State audit finds problems with Lake Station court fund
BY Teresa Auch Schultz email@example.com February 4, 2013 11:24AM
Updated: February 4, 2013 10:33PM
State authorities have stepped into the middle of a dispute between Lake Station Mayor Keith Soderquist and Lake Station City Court Judge Christopher Anderson over the firing of Soderquist’s stepdaughter, claiming the city improperly paid her more than $13,000 after she was fired.
The State Board of Accounts released a report Thursday detailing its investigation into that and other issues dealing with the City Court, including the improper charging of court fees.
The report says that Miranda Brakley, Soderquist’s stepdaughter and deputy clerk for the City Court, was in charge of collecting bond payments from the Lake Station Police Department, processing the payments and then depositing them at the bank.
However, the SBOA found that bond money totalling $16,464 from 39 cases was never deposited.
Most of the money was recovered in December when Brakley turned in a bank bag containing $15,800, which she said was the bond money. She told the SBOA that the money had been sitting in her vehicle since she was fired in June.
It is not clear if the SBOA discovered that the money was missing before or after she was fired.
Brakley’s firing caused a stir at the time after the Lake Station City Council voted a week later to return control of the court clerks to the clerk-treasurer’s office, where they had been since 2008.
Soderquist speculated at the time that Anderson fired Brakley because he got wind of plans to remove the positions from his control.
Anderson and Soderquist could not be reached for comment.
Clerk-Treasurer Brenda Samuels subsequently rehired Brakley, although that lasted just two weeks when Lake County Superior Court Judge Calvin Hawkins issued a temporary restraining order against the move.
During that time period, the SBOA says, Brakley received $468 from the court fund for seven days of vacation and another $12,661 from the city’s general fund that was reportedly unusued compensatory and sick time. However, the SBOA claims that Brakley had already used all but half an hour of vacation pay by the time she was fired and that the judge never signed off on the payment. As for the other payment, the city had no authority to pay her, the SBOA says.
“Furthermore, except for retirees, employees within the Clerk-Treasurer’s Office could not name any other employee who received such compensation upon termination of employment whether voluntary or involuntary,” the SBOA report says.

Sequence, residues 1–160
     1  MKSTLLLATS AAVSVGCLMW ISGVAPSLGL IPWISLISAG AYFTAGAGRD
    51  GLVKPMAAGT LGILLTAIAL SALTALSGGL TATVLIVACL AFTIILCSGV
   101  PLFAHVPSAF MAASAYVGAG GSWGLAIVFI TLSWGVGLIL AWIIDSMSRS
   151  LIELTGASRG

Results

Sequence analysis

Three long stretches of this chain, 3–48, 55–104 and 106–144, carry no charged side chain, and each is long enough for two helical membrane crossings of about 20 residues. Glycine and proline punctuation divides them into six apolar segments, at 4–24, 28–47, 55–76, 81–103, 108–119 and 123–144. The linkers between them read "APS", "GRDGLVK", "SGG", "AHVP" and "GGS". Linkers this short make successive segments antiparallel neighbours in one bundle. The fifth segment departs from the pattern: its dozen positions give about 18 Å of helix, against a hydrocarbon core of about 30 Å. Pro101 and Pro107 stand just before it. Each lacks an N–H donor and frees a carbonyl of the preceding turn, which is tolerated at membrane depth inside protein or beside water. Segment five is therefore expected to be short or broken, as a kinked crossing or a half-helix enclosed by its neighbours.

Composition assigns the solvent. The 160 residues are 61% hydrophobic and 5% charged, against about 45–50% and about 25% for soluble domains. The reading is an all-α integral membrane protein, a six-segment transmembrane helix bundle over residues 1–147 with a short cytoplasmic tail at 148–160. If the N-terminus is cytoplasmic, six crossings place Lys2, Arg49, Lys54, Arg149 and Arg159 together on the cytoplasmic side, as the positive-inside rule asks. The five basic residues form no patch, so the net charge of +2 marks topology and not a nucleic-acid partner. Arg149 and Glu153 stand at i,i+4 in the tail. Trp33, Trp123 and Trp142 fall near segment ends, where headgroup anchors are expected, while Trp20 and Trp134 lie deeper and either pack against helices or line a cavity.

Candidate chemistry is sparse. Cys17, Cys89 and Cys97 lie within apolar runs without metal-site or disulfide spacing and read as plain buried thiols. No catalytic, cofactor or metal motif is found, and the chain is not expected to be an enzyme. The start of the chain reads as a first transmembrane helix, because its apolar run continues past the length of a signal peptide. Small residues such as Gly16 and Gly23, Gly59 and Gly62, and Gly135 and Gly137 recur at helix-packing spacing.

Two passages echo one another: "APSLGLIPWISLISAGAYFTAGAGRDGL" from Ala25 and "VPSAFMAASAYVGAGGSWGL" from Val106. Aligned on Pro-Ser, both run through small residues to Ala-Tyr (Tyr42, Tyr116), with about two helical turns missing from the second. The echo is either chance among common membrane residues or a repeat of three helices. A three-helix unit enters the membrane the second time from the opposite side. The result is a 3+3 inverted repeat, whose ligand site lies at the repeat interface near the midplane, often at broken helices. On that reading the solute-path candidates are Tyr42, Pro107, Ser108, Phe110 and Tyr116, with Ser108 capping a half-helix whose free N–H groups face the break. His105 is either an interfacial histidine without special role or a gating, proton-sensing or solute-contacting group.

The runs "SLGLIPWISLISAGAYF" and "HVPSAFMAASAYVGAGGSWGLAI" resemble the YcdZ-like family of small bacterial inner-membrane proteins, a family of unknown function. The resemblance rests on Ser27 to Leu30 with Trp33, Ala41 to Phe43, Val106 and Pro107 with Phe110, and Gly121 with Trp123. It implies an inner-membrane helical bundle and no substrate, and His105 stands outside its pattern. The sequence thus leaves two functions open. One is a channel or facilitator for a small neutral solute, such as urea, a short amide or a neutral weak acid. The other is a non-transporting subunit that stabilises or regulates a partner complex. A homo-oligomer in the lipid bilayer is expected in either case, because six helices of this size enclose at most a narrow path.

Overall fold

The state agency also found discrepancies in payments she received for serving as an alcohol monitor, saying that there was no documentation of the hours she worked from 2008 to September 2011 and that some of the hours she claimed to have worked as the alochol monitor were the same hours she was working as court clerk.
The SBOA wants Brakley to repay Lake Station $13,130 and to pay the state of Indiana $23,358 for the investigation work.
She’s a ‘pawn’
Brakley’s attorney, Scott King, lambasted the report and said she never acted improperly or with malice.
“I really think that for whatever reason or reasons, they’re attempting to make her the whipping child here, and it’s completely inappropriate,” he said Monday. “... And then they have the audacity to seek the cost of the audit.”
King responded in writing to the report, saying in it that Brakley was a “pawn” in a political fight between Judge Anderson and other city officials. He noted that when Brakley was fired, she set aside a box of items, including the bank bag with $15,800, to turn over to the clerk-treasurer’s office. However, it seemed another court employee took that box along with others to Brakley’s car.
Thinking everything in the car was her personal belongings, King writes, Brakley never checked the boxes until December and did not realize the money was sitting in her car.
King said Monday he is in the process of filing a lawsuit on behalf of Brakley over her firing and said that Anderson might not even be legally allowed to serve as Lake Station judge because it appeared he does not live in the city. Anderson’s home address listed on election forms is 3405 Parkside Ave., which is in Lake Station.
Samuels said Monday the court clerks had originally been under her office but she had no knowledge of what they did, so she worked with Judge Anderson several years ago to move them to his supervision. No one with the City Council talked to her before voting to return the clerks back to her oversight, Samuels said. She said she Brakley back because she was familiar with how the office works.
As for paying the compensatory and sick time to Brakley, Samuels said it did go against city ordinance because it was not preapproved but that the city attorney told her to pay it because Brakley could prove she earned the hours in 2008.
“He said if you get sued, you’re going to pay triple,” she said.
Along with the issues surrounding Brakley, the SBOA also found that the Lake Station court has not been charging the correct fees to defendants.